For a larger version, click here.
[Editor’s Note: This is the third of a five-part series looking at the spatial distribution of children throughout Vancouver. Originally written in 2011 for Re:place Magazine – the online magazine that would eventually turn into Spacing Vancouver – I recently discovered that it was in danger of being lost forever, as the old site closes for good. They will be re-published in rapid succession here for archival purposes, as an important snapshot of demographic Vancouver’s history.]
Continuing our series looking at the spatial distribution of children across Vancouver, we’re now going to turn our attention to the next group of kids – elementary school children ranging from six to twelve years of age.
In order to delve more quickly into the content of the graphic and avoid ongoing repetition about how the graphics were structured and represented, I’ll refer any new readers to either of my first two posts of the series for an in-depth explanation – here and/or here.
Turning to the current map, we see that this age group has the most equal distribution so far. The vast majority of the Vancouver neighbourhoods are above the city average with Dunbar Southlands (yet again) and Sunset taking the top spots while the neighbourhoods immediately adjacent to False Creek are at the opposite end of the spectrum.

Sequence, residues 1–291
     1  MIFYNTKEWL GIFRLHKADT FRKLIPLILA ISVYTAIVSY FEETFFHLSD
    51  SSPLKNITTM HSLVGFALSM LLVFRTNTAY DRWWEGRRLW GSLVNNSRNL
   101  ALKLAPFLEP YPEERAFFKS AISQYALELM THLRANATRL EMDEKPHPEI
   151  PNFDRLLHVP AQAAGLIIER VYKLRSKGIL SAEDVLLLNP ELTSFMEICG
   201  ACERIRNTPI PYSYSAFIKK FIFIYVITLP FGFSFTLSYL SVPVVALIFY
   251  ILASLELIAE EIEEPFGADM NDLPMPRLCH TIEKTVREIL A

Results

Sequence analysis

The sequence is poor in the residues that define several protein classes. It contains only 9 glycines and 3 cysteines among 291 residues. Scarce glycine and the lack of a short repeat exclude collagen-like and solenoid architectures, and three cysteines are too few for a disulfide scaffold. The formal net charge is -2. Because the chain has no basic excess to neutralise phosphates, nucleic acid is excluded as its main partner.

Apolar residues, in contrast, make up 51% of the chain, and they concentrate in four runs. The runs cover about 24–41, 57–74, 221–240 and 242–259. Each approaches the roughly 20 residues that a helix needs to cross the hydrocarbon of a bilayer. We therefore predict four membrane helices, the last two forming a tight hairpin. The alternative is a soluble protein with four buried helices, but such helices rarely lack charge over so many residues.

Looking at our graph showing average home prices below, it is evident that houses and interest rates at the time that these kids were born (between 1994-2000) were about the same as those we looked at for the families with preschool aged children. As these average prices hovered around $300,000 it seems as though families had the opportunity to move quite fluidly between East-side and West-side neighbourhoods.
A comment discussed in Chad Skelton’s series suggests that this pattern may be due to the fact that as families with children grow older they become more financially stable and, thus, have the ability to move to higher income neighbourhoods. Something worth thinking about.
But there are a lot of assumptions and unanswered question within that statement. For example, does everybody really want to live in these higher income areas? Are they, in fact, better for raising kids? And, if so, what physical attributes make it so?
Given the limited information I have to work with, I’m not willing to argue for or against this hypothesis. What is blatantly clear, however, is that in keeping with the patterns to-date, the lowest-percentage neighbourhoods are the areas that have seen the most intense development over the past few decades – West End, Downtown, Fairview and Kitsilano. With minimal population of families having children 12 years of age and under, it worth thinking about this further. After all, these are also the very same neighbourhoods touted as the “most livable and sustainable” in the world and that are being used as models for new urban developments abroad.